A French man died last month and five others in the same clinical trial were hospitalized after they took an experimental drug. The drug had been deemed safe for humans after having been tested on chimpanzees in preclinical trials.
The National Institutes of Health’s recent decision to end federally supported chimpanzee experimentation could prevent future fatalities like this by promoting more human-relevant research methods.
Twenty of those government-owned chimpanzees currently housed at a testing laboratory in San Antonio, Texas, are next in line to be transferred to a sanctuary. As the use of chimpanzees in medical experiments draws to a close, it’s important to examine the superior, nonanimal research methods that will benefit patients.
In 2011, I was invited — as a cardiologist, medical educator, and former animal researcher — to testify before the Institute of Medicine Committee panel that ultimately determined that use of chimpanzees is not essential for any area of disease research.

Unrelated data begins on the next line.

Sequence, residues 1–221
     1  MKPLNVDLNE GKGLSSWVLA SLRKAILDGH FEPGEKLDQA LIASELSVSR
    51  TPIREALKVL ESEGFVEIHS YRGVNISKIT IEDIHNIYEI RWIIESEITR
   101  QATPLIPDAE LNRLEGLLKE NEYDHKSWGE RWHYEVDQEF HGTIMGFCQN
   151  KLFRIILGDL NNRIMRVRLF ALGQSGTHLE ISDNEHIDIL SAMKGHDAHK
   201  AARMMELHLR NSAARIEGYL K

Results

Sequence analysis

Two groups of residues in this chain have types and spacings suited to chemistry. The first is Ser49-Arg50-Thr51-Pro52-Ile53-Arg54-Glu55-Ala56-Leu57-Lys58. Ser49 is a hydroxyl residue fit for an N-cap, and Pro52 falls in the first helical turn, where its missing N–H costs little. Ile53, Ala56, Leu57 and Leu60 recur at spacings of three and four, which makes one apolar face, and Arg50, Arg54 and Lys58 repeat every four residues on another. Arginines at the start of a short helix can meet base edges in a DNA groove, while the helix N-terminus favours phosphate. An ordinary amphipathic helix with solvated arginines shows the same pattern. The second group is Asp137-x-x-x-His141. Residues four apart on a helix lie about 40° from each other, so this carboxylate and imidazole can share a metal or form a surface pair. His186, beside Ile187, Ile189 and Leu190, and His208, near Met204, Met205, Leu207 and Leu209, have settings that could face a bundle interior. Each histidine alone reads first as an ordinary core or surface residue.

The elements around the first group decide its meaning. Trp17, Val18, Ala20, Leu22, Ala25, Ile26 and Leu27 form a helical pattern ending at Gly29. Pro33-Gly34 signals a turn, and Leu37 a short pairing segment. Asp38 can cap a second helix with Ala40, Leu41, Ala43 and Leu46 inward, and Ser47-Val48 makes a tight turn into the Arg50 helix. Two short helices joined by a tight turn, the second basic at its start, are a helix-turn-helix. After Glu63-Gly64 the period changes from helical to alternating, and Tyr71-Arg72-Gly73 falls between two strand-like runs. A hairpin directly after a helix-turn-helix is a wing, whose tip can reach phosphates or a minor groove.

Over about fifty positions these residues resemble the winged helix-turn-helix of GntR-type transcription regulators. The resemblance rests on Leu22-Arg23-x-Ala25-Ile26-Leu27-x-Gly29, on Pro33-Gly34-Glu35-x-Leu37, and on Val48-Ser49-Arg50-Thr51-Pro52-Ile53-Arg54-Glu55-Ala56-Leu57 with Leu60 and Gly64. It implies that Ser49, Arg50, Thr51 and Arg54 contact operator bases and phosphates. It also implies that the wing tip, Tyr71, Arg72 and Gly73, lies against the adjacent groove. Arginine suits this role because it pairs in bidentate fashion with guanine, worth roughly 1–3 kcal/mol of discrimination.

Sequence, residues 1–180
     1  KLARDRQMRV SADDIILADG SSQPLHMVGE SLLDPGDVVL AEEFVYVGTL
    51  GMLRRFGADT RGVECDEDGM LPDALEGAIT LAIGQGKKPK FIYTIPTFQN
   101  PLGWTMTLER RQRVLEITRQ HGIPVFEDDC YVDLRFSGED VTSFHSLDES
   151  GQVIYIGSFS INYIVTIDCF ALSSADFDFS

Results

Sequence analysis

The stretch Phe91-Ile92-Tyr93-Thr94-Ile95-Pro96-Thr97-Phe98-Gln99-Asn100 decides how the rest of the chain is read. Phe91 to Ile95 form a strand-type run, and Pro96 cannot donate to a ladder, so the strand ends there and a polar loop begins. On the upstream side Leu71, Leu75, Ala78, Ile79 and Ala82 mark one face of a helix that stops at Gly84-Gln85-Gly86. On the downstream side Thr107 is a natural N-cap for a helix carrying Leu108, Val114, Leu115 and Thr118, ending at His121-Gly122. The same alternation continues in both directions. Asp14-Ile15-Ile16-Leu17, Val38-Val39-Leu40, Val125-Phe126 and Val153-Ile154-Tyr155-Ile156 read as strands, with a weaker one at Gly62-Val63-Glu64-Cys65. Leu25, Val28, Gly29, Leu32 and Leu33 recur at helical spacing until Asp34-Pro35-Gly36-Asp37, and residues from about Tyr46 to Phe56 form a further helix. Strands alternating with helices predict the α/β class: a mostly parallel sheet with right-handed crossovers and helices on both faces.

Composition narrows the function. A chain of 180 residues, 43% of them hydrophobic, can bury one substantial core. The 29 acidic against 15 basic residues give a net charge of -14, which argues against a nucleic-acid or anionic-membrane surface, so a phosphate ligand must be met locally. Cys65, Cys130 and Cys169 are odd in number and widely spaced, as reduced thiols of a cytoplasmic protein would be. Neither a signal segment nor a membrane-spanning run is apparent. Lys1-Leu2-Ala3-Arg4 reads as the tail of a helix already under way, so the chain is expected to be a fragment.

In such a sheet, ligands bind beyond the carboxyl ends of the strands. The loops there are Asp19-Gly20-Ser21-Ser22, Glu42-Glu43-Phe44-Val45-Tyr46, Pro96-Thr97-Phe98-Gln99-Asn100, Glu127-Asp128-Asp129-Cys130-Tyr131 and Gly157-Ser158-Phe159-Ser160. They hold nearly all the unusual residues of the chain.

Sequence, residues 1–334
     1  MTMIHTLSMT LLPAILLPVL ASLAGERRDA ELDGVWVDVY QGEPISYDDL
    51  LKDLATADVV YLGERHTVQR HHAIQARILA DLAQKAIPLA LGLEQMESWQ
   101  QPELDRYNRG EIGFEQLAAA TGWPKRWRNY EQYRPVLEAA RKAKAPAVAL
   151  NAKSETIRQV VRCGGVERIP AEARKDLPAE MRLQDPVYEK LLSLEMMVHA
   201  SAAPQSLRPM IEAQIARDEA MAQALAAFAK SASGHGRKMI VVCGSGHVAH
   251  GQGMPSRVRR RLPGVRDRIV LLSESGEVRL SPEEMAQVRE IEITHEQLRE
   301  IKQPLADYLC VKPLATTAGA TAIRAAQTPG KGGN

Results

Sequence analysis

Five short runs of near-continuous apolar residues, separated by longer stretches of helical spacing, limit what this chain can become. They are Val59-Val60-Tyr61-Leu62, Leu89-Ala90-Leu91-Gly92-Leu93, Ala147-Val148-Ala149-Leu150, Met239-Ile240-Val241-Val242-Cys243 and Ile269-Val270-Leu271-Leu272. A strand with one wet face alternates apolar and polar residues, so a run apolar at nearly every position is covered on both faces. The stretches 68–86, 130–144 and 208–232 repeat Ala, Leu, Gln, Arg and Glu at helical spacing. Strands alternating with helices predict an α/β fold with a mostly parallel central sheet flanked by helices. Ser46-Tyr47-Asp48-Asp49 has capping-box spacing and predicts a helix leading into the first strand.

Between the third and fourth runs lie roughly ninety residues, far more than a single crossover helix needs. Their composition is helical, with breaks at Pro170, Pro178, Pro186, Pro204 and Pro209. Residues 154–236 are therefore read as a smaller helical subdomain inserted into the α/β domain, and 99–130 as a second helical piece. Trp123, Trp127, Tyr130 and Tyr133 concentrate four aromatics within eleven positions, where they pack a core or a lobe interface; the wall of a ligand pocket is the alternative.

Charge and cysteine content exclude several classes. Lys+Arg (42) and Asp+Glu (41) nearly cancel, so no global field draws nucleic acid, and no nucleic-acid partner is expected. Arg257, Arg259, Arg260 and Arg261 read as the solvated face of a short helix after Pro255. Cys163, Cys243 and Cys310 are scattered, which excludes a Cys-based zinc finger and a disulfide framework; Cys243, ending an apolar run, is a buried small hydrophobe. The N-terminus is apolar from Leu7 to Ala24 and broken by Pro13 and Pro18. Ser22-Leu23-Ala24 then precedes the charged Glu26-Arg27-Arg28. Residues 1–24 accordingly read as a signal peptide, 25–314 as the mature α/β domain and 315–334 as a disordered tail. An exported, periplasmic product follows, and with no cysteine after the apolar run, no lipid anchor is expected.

I told them that there was a better way. That when we were told that the use of chimpanzees had been and would be important for HIV vaccine development, we should remember that three decades of vaccine research using chimpanzees and other nonhuman primates has been startlingly unproductive. This eventually led the National Institutes of Health to cease funding for HIV-AIDS research using chimpanzees.
Scientists now recognize the critical role of humans who are naturally resistant to the effects of HIV — so-called elite controllers and long-term non-progressors. These patients, some of whom have lived with HIV, but without treatment and without illness, for as long as three decades, produce broad and potent neutralizing antibodies. These…